If Van Vliet built a house like he wrote music, the methodology would go something like this. He gets an idea for a house, but the house is sketched on the back of a Denny's placemat in such an odd fashion that when he presents it to the contractor without plans or research, the contractor says, "This structure is going to be hard to build, it's going to be tough to make it safe and stable because it is so unique in design." Van Vliet then yells at the contractor and intimidates him into doing the job anyway. The contractor builds the home, figuring out all the intricacies involved in structural integrity himself because whenever he approaches Van Vliet, he finds that he seems completely unable to comprehend technical problems and just yells "Quit asking me this stuff and build the damned house". If he shows up on the site, almost nothing gets done except everyone talks a lot about things that have nothing to do with finishing the house. When the house is finished no one gets paid, and Van Vliet has a housewarming party, invites none of the builders and tells his guests that he built the whole thing himeself."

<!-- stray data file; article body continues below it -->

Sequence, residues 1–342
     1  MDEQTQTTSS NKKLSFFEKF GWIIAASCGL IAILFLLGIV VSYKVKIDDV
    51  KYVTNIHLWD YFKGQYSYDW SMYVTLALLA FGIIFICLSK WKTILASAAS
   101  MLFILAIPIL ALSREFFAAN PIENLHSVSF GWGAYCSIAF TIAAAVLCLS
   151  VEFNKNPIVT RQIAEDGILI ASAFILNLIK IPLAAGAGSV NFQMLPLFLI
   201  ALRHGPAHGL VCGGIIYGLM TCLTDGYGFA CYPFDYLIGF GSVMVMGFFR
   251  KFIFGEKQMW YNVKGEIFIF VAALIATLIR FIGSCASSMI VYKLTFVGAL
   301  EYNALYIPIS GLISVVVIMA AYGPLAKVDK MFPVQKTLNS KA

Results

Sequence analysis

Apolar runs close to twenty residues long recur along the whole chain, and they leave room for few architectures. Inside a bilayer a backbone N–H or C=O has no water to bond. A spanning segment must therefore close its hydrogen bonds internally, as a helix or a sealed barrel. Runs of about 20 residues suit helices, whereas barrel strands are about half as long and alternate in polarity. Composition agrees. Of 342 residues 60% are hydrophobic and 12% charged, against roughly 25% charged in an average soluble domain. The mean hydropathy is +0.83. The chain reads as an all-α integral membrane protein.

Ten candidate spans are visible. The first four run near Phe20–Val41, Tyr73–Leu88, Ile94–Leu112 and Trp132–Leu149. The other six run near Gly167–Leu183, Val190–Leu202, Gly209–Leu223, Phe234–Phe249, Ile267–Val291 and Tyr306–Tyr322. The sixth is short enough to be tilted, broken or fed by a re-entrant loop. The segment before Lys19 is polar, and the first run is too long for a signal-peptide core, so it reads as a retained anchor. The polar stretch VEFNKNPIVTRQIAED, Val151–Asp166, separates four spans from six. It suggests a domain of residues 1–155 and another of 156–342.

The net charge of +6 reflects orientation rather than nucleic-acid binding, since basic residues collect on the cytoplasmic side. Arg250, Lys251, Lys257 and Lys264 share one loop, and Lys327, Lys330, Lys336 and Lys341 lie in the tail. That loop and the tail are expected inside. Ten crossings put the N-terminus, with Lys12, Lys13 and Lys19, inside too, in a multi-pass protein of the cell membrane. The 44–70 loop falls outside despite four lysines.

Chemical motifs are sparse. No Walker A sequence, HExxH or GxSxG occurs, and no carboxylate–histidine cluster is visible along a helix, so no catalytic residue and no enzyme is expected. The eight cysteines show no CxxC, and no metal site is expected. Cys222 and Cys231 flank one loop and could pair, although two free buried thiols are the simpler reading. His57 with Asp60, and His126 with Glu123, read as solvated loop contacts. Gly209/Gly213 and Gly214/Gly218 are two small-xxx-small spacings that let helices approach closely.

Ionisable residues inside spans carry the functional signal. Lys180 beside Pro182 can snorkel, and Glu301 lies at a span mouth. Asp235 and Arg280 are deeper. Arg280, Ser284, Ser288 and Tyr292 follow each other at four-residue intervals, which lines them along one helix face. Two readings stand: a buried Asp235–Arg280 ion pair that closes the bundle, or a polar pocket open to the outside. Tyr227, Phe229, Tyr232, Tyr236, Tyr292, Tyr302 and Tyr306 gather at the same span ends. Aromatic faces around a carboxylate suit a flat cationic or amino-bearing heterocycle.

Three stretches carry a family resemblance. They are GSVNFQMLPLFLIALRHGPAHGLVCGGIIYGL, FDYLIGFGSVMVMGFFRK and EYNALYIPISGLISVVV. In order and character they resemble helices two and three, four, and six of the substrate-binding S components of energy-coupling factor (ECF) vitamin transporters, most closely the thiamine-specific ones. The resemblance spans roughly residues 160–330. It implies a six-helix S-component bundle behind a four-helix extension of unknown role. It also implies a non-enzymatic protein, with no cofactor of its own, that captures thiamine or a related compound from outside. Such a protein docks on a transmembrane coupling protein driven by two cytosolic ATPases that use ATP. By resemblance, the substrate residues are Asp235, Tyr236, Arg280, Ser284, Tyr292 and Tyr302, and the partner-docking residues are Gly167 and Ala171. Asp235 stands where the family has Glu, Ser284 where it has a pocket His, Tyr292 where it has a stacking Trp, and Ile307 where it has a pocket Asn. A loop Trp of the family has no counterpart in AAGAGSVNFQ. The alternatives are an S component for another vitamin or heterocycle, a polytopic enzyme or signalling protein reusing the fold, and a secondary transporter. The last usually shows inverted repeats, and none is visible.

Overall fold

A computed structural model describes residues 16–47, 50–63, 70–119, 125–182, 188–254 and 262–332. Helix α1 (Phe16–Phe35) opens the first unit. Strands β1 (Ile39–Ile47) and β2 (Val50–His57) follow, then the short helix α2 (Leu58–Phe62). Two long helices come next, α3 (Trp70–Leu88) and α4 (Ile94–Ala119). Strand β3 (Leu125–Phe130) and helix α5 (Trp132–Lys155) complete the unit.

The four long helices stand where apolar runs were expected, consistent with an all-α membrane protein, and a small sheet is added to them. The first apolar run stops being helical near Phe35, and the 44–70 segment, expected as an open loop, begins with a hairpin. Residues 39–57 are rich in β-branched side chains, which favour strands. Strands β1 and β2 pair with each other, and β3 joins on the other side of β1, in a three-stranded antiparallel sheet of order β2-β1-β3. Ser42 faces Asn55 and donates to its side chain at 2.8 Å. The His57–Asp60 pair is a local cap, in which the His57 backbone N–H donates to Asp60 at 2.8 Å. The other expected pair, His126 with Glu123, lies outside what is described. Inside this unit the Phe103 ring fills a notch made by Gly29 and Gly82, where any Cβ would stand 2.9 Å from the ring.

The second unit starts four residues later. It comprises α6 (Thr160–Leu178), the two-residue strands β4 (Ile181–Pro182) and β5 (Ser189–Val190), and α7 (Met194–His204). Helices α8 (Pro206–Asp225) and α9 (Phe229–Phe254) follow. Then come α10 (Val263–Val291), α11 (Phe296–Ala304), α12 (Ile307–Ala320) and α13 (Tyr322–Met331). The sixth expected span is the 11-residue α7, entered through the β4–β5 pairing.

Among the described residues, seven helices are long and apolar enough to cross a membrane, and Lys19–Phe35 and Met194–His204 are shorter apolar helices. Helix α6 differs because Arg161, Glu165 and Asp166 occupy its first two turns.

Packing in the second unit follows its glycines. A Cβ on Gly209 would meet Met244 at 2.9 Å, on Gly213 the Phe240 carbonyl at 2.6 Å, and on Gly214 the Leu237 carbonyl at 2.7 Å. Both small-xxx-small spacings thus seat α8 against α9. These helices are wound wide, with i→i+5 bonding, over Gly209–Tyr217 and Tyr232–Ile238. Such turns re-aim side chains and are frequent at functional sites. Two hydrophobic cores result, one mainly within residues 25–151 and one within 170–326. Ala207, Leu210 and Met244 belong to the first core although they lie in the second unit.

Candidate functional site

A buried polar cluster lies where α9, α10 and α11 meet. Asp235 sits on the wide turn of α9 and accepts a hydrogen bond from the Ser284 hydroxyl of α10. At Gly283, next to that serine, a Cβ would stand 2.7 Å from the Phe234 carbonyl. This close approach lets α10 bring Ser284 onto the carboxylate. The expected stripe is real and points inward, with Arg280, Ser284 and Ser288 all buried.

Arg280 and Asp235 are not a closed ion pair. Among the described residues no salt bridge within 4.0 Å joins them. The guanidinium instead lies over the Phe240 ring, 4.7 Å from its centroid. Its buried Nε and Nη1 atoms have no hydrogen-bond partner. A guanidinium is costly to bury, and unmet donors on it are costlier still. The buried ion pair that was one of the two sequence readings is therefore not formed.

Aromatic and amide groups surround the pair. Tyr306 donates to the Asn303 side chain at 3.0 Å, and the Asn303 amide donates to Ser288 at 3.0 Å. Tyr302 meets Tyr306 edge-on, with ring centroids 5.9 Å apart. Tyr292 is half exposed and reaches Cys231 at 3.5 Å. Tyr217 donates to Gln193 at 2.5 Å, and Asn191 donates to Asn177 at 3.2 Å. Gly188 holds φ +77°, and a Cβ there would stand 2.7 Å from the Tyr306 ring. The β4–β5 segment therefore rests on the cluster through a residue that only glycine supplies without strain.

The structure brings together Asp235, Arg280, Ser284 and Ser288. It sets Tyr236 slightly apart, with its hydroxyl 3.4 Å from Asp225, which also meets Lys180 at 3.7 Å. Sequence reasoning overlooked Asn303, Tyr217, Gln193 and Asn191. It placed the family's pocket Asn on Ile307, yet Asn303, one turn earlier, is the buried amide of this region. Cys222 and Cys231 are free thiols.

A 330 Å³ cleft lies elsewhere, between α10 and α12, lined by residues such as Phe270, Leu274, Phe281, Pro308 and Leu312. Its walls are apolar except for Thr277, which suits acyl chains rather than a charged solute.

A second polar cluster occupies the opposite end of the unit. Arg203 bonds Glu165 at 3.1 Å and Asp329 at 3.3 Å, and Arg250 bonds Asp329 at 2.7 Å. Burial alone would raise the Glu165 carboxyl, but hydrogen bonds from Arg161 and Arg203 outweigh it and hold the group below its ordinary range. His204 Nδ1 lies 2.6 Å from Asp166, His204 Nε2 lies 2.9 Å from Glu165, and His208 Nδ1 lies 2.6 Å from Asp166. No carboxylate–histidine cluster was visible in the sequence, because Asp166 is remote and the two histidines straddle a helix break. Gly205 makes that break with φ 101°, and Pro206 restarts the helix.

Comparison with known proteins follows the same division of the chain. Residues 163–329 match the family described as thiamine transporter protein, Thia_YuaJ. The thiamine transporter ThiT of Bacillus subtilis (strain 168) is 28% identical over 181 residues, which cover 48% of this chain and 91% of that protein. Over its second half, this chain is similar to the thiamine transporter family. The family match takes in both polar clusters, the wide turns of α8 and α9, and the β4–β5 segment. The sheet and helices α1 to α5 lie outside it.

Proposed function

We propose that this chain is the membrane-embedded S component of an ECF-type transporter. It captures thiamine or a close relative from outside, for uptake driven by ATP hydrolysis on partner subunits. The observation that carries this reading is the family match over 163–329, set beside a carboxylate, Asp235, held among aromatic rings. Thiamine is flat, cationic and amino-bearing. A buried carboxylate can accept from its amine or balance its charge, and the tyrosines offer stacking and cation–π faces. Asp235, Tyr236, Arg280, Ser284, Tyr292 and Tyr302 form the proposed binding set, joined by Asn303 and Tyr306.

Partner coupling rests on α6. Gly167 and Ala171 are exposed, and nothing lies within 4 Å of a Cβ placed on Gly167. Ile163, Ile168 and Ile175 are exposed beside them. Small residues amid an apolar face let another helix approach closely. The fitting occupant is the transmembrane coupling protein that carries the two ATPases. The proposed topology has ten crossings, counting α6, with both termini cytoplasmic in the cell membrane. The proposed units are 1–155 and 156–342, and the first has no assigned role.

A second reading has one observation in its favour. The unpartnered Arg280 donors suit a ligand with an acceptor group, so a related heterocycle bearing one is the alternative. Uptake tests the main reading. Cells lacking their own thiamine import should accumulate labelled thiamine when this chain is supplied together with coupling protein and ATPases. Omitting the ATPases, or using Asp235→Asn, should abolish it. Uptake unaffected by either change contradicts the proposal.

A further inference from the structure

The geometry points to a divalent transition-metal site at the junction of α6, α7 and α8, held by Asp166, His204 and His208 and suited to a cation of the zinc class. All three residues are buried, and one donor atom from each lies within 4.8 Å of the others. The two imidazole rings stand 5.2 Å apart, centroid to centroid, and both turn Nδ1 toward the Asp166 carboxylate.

Everything about Don's music was completely (musically) "wrong".

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PostPosted: Wed May 12, 2010 6:07 am 
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Page 817, track notes for Doctor Dark: